Showing posts with label ethics. Show all posts
Showing posts with label ethics. Show all posts

Wednesday, July 15, 2015

What Do You Do When Someone Asks For A White Doctor?

By:  Terrill Bravender  MD, MPH; Editorial Board Member   

Department of Foreign Affairs 
     In clinical practice, we don’t think twice when an adolescent girl asks for a female physician, or when a Hispanic parent requests a Spanish-speaking provider. We accommodate requests like those regularly without even giving them a second thought. After all, it seems self-evident that requests such as this will help patients and families feel more comfortable, and help ensure a better clinical outcome.
       The Institute of Medicine’s landmark report, Crossing the Quality Chasm: A New Health System for the 21st Century, stated that medical care should be more patient-centered. In order to achieve this, the committee recommended that physicians should become more responsive to patient needs and perspectives, and that patient values should guide medical decision making. For the most part this also is intuitive and self-evident. Of course we will help the patient who requests it to find a female (or male, or Spanish-speaking) physician.
      What happens though, when a patient or family makes a request for a provider that we find particularly odious? For example, what if the father of a small child will not allow a Black provider to touch his daughter and requests a white physician?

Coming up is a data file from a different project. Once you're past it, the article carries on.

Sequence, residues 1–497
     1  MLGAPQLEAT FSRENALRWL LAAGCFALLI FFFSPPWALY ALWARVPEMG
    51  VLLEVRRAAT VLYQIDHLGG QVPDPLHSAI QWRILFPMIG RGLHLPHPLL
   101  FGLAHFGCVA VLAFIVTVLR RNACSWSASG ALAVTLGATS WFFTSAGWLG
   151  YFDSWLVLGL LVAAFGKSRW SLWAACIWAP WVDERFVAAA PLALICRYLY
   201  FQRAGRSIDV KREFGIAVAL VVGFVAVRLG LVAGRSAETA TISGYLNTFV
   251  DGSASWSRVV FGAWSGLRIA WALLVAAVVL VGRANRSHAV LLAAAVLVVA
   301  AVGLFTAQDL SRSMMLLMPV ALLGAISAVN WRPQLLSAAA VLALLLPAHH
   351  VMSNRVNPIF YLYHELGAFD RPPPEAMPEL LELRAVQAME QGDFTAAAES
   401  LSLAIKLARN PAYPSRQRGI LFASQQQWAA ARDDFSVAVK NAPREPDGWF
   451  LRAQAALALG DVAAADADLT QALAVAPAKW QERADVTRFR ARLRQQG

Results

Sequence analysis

The Ethics Rounds case presented in this issue of Pediatrics, from Reynolds et al. (doi: 10.1542/peds.2014-2092) describes such a case in the context of the historical discrimination faced by black medical providers in the United States, as well as identifying our current expectations for non-discrimination in employment and education.
      The thoughtful discussion helped me come to a better understanding as to why I had such a negative visceral response to the father’s request, why I would accommodate a request in other cases, and what I might do if faced with such a request. Have you had similar requests from parents? How were you able to address such requests while still assuring appropriate care for the child? 

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Wednesday, April 8, 2015

A Fork In The Road: Two Cases, Two Families, and Divergent Paths

By: Joann Schulte  DO, MPH; Editorial Board Member

      “It depends.” That's an answer you've probably heard from your parents growing up and is a phrase you've used with your own children. The circumstances of what you got to do as an adolescent or what you permit your children to do figure into the decisions made.
      “It depends” applies in medical ethical dilemmas as well. How the impact of family circumstances can shape medical decision making is well illustrated in the Ethics Rounds article “
Two babies, same prognosis, different parental choices” presented this month in Pediatrics. Antommaria et al. (doi: 10.1542/peds.2013-4044) described different decisions in the same NICU concerning two different families and their respective infants with the same medical problem. Both families had premature infants born with esophageal atresia with tracheoesophageal fistula. Each infant failed extubation and would have been maintained on long-term mechanical ventilation for months or years. In both cases, the NICU staff recommended long-term mechanical ventilation. One infant was born at 33 weeks to an Amish family who declined additional care and requested only comfort care. The other infant was a twin born at 31 weeks whose postoperative repair was complicated by cardiac tamponade and an unclear neuro-developmental future. That family agreed with the NICU staff and accepted the recommendation for long-term ventilation.